So far this year Iâ€™ve been writing mostly about music you all should be listening to, or at least, music Iâ€™ve enjoyed listening to lately. Which isnâ€™t really fair to all those artists who have released music that I havenâ€™t enjoyed listening to recently. And who am I to discriminate? To all of these horrendous musicians, I apologize, but fear no more! My music racism stops here: following is a letter to Aubrey Graham, known mostly by his stage name, Drake, who just released his studio album â€œTake Careâ€ on November 15.
Oh, you poor, poor child. If only you had stretched your prime, golden years on Degrassi into a more substantial career, because, in all honesty, you belong nowhere near the Hip-Hop profession. You could have been happily shooting season 28 with the rest of the old crew, but instead youâ€™re producing worthless albums such as this one. Oh well, at least middle school girls now have your lyrics to use as material for their feisty teen anger.
Your opening track, â€œOver My Dead Bodyâ€ is actually a beautifully crafted instrumental, full of powerful accompanying vocals, a soft and muffled beat, and a wonderful piano overtone. It truly embodies the nostalgic, quiet pride you are attempting to evince. Which is why itâ€™s actually so hard to hear you, Drake, so pitifully ruin your own masterpiece. This song potentially could have been a revealing sentiment, but as soon as your oily voice appears, somehow clashing with your own beat, the song is destroyed. In the opening 30 seconds of your first verse you say, â€œShout out to Asian girls- let the lights dim some.â€ Really? Who and what are you shouting out to Asian girls, if I may ask. Out of four consecutive lines, three end with the word â€œsome.â€ Three! Thatâ€™s not how rhyming works, pal, you have to find different words that sound the same. And no, it doesnâ€™t count when you use â€œdim sum,â€ instead of â€œsome.â€ Thatâ€™s still the same word. You do this throughout the entire song. Three â€œagainâ€™sâ€ in a row. Four N words. Two â€œfromâ€™s.â€ Maybe you had your Degrassi audition during this first grade rhyming lesson, Iâ€™m not sure, but you crucially need some help here.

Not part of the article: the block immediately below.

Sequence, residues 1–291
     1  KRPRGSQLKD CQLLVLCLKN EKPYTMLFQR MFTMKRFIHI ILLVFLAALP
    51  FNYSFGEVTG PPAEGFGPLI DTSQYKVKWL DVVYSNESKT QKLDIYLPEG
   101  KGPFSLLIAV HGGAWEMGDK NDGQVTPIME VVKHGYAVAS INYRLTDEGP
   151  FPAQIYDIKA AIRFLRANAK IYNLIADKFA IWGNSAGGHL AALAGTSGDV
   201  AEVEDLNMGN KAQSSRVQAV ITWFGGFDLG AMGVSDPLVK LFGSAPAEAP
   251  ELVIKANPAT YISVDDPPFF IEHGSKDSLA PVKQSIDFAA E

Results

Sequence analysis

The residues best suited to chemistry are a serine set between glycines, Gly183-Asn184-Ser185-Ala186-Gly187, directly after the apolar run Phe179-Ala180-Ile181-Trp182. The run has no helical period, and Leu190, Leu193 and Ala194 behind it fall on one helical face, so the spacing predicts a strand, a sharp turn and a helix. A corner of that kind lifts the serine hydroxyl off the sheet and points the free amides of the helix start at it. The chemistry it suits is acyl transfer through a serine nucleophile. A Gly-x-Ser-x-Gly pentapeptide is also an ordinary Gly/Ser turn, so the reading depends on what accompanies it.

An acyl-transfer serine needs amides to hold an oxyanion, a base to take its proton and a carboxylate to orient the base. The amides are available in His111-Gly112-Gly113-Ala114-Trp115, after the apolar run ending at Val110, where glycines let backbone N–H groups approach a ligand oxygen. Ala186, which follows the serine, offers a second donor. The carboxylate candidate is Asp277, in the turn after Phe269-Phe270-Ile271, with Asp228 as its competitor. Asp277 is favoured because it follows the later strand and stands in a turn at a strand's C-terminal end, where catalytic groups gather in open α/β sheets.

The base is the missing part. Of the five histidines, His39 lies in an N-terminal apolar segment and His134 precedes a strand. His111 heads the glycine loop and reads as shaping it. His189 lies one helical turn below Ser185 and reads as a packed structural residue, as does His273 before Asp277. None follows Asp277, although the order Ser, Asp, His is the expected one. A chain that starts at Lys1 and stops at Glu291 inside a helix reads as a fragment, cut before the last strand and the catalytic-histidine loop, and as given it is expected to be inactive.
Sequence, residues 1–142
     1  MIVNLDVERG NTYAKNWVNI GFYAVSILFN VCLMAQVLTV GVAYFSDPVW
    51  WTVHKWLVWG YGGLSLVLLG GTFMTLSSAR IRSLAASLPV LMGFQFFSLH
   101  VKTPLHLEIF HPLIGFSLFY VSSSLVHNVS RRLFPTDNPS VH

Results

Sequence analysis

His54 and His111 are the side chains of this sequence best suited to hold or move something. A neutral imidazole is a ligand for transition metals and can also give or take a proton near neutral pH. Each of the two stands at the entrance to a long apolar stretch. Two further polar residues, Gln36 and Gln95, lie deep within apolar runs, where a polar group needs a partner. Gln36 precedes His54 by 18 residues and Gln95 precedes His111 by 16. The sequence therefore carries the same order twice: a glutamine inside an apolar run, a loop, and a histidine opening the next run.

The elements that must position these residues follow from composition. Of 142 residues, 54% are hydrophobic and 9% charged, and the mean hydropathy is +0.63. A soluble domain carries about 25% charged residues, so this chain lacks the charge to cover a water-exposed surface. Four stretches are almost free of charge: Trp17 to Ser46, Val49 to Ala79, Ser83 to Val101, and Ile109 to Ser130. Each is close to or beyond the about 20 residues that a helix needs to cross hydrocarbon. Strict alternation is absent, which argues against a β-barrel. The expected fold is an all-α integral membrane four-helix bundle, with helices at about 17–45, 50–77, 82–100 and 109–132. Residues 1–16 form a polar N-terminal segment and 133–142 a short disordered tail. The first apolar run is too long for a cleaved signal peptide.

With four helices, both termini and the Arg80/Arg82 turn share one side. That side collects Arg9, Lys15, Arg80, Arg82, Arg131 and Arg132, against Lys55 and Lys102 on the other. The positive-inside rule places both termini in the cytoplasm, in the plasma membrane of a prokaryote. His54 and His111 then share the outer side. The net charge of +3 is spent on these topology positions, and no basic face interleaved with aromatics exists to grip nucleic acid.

The only song I enjoy shares the same name as the album. â€œTake Careâ€ featuring Rihanna, is the only track that deserves to be classified as Hip-Hop. I always expect quality hooks from Rihanna, especially now as she is continuing her streak started by â€œWe Found Love,â€ (yes, I like that song. Everybody likes that song) but â€œTake Careâ€ exceeds her repertoire. Her voice powerfully secretes emotion and vulnerability; her soft passion coincides with the simple piano and hand-shaker beat to the point where it is almost palpable. You even manage not to completely and utterly ruin it, and I particularly enjoy how you change between rapping and singing, although your singing voice is far from gifted. If I force myself to only partially listen to the lyrics, this song gets a spot in my top favorite 50 songs. Of November. Also the Florence and the Machine cover is equal to if not better than your version.
A complete breakdown of every song (like D Prepâ€™s heinous, praising, over exaggerated excuse for a review on Sunset in the Rearview) would probably result in me smashing my computer repeatedly against the wall from having to actually listen to every second of your album. Luckily for me, because of how dreadfully similar they are, I can accurately describe the remainder of songs in one general statement: they are not good. The only redeemable quality you have left is that you somehow feature Andre 3000 on the song â€œThe Real Her.â€ Since it sounds somewhat like an Outkast song off of Aquemini, it starts off as a conceivably impressive song, but, true to your nature, you find a way to ruin it by offering Lil Wayne a verse as well. Andre 3000 is a legend. Lil Wayne serves no purpose on this planet.
Drake, Iâ€™m sorry. I donâ€™t particularly enjoy doing this, and I want you to be a star just as much as the next twelve-year old, but you really need to show some improvement. There might be a slight possibility you have some actual talent buried deep, deep down somewhere, but in order to display it you have to stop pretending like you are a moron. You have a brain, stop writing these emotionless, ignorant lyrics. Get back to your â€œForeverâ€ remix skill level. And if you really want to improve, leave Young Money and take Nicki with you. Itâ€™s either that or season 32 of Degrassi, your choice.